KL Rahul himself was dropped after three poor games against England at home earlier this year. There is also Yuzvendra Chahal who has not been given the fairest possible end of the bargain. All these things burden players with insecurity and the fear of failure becomes a very natural outcome of the same.
Liberation in action is a function of a liberated mind. And for reasons varied, Team India has seemed like a chained animal. Burden also comes from previous failures. The core group of this Indian team is a wounded one from losing ICC knockouts, carrying the ever increasing baggage of past failures only augmenting the load of expectations, which slowing masquerades into the web of forlorn longing. And it is a path that is extremely difficult to traverse.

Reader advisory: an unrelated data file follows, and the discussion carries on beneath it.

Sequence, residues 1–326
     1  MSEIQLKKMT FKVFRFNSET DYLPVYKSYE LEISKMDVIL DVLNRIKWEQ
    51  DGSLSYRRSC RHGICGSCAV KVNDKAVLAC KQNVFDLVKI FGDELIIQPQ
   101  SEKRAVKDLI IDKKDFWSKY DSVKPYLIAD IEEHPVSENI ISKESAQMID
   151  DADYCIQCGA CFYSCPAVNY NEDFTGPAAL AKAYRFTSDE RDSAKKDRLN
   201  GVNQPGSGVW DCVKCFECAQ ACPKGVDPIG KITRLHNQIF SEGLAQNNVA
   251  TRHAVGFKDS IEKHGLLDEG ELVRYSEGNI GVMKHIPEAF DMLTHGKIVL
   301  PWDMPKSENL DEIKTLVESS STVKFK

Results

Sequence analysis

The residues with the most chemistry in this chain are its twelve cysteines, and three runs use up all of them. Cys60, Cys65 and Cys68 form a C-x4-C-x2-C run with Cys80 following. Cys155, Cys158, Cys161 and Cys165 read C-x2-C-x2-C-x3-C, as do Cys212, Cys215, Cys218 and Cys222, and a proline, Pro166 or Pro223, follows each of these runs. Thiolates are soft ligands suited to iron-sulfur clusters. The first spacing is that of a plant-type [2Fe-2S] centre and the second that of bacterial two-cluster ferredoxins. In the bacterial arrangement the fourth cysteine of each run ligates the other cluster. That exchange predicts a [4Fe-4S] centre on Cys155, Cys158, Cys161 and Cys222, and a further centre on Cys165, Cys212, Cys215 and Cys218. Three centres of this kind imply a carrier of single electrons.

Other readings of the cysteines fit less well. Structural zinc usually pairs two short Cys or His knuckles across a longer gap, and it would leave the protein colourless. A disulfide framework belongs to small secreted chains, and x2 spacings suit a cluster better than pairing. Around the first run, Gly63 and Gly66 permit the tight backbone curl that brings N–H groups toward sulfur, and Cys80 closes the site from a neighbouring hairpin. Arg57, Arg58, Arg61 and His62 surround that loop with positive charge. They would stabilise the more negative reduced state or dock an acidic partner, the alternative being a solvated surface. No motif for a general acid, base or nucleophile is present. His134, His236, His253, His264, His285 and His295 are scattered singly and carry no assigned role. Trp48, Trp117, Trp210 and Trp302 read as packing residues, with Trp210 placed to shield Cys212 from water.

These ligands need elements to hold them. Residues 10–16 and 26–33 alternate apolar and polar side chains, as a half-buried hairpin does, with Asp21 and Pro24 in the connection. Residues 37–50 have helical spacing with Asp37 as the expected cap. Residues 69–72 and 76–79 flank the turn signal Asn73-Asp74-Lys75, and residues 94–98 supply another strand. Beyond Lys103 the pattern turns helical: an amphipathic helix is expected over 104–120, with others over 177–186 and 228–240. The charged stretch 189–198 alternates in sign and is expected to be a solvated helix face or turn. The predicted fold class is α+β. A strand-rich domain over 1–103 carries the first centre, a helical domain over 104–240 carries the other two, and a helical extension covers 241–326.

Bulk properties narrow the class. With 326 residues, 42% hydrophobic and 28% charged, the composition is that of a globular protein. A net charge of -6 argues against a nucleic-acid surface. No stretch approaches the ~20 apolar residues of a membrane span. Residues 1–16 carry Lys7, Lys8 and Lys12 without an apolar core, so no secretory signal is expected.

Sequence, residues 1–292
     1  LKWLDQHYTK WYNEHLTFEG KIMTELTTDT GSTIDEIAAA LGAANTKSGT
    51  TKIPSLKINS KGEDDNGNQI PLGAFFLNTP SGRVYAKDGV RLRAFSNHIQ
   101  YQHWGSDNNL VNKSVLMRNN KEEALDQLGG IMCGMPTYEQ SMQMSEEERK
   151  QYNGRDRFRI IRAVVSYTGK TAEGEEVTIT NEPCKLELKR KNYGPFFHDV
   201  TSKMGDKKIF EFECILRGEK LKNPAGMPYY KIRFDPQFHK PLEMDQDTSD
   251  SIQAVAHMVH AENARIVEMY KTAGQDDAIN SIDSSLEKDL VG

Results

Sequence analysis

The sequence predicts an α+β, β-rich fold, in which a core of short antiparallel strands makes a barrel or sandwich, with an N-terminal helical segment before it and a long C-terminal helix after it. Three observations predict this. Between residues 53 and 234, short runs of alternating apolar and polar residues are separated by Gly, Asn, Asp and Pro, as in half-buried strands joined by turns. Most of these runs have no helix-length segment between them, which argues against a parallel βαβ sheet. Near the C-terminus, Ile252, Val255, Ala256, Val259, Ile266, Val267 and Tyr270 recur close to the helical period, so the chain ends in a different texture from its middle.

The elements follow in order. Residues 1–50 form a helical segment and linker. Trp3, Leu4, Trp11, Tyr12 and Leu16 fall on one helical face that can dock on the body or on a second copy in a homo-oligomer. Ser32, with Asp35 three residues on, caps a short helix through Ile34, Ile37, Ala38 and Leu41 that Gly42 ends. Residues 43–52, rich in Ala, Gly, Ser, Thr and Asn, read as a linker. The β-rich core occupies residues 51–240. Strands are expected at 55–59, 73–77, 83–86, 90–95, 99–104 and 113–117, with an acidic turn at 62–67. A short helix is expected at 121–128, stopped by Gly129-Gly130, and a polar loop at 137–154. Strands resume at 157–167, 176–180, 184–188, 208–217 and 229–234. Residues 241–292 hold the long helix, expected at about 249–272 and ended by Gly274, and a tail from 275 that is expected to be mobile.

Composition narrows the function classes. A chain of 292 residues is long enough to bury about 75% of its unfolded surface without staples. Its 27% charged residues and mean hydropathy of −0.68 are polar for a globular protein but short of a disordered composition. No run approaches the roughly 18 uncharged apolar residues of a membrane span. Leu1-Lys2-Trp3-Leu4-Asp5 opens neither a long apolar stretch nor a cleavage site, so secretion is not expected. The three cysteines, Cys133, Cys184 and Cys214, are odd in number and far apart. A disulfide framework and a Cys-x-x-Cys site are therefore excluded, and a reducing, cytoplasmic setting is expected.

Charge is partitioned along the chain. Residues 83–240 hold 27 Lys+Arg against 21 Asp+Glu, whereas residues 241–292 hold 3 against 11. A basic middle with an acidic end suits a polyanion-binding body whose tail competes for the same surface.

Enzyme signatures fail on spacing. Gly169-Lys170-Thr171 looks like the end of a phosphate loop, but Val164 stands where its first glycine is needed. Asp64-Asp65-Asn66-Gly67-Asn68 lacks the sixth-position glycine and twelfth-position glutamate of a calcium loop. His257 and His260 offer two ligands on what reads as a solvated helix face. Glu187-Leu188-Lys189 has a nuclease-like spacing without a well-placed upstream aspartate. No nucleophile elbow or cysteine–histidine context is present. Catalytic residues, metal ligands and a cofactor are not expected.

Burden also results from wanting something too much to the extent that pressure gets the better of oneself. India have famously won two World Cups on the back of being relaxed on the inside and relying more on skills than heavy team meetings. And perhaps of what is left in this T20 World Cup and Kohli’s T20 captaincy, he can borrow a page from his mentor’s book and disconnect in the mind in order to connect with the willow. Who knows, in that process, his team might stay back in the UAE for a game or two more than what looks likely today.